I'm not quite sure why such a fraudulent book would be recommended by anyone. Why can't we just enjoy music without all this superstitious nonsense?Published 22 months ago by Michael
This book not only talks about music composers of the past but has a refreshing honesty that publicly proclaims that most gave credit to the God of Heaven for their musical gift. Read morePublished on February 5, 2013 by Robert Mullen
Brahms scholarship has established that Abell embellished Brahms views with his own. Many of the statements attributed to the composers are in fact fabrications. Read morePublished on July 15, 2011 by Victor de Sabata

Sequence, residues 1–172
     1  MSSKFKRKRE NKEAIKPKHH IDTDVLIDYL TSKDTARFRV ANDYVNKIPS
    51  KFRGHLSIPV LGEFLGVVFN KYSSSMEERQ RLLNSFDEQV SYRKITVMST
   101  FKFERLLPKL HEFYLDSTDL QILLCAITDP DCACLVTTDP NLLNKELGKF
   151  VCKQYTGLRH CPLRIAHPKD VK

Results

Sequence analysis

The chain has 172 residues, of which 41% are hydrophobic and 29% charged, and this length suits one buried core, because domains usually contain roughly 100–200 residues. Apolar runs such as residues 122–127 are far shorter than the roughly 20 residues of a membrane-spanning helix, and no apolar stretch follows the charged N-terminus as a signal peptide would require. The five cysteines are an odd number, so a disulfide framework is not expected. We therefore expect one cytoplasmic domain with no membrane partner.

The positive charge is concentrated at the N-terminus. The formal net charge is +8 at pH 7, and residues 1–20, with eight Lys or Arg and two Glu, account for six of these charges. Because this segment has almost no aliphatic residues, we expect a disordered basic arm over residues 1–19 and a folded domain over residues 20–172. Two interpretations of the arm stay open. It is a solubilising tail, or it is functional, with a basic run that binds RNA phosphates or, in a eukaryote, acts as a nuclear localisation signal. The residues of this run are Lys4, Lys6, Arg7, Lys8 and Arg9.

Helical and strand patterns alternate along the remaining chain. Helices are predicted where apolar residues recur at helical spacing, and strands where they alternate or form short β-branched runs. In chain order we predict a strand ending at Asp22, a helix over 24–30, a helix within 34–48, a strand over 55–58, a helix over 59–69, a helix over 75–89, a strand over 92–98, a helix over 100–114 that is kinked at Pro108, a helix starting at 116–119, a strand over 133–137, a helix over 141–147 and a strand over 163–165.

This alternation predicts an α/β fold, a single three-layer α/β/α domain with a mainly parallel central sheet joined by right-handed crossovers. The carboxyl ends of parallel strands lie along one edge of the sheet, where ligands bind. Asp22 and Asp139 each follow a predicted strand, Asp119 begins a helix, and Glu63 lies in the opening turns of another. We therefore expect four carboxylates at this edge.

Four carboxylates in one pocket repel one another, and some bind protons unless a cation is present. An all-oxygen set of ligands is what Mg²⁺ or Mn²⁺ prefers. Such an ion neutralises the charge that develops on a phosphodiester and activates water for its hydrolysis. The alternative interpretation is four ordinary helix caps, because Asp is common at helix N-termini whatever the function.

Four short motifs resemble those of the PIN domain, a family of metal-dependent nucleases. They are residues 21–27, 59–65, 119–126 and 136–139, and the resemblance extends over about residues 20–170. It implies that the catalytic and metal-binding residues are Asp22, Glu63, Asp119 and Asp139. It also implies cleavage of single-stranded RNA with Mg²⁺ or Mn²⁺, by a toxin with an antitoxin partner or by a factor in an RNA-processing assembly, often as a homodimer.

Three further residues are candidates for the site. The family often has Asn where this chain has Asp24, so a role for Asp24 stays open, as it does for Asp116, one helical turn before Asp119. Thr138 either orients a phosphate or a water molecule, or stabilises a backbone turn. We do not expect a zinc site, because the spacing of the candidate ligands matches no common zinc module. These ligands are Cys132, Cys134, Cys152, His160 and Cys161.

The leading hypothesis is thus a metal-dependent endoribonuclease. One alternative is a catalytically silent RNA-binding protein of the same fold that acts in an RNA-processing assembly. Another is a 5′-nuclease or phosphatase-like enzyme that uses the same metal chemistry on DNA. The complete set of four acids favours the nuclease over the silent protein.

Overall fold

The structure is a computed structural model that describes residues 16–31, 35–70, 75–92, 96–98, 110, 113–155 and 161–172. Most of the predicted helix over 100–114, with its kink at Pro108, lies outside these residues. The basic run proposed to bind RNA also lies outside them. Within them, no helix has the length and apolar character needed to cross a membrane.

The information is, at best, suspect. The prose is labored, the organization of the book almost laughable. Read morePublished on June 7, 2011 by pmv
I became suspicious when I opened the book and saw no foundations for the different interviews, how Abell obtained them, place and date, that would have lent a bit of authenticity... Read morePublished on January 24, 2009 by Juan Rostagno
This patently fraudulent book was concocted by its author with a clear agenda. Its bogus-ness is clarified by the scholarly article by Jan Swafford "Did the Young Brahms Play... Read morePublished on December 25, 2008 by Erica R.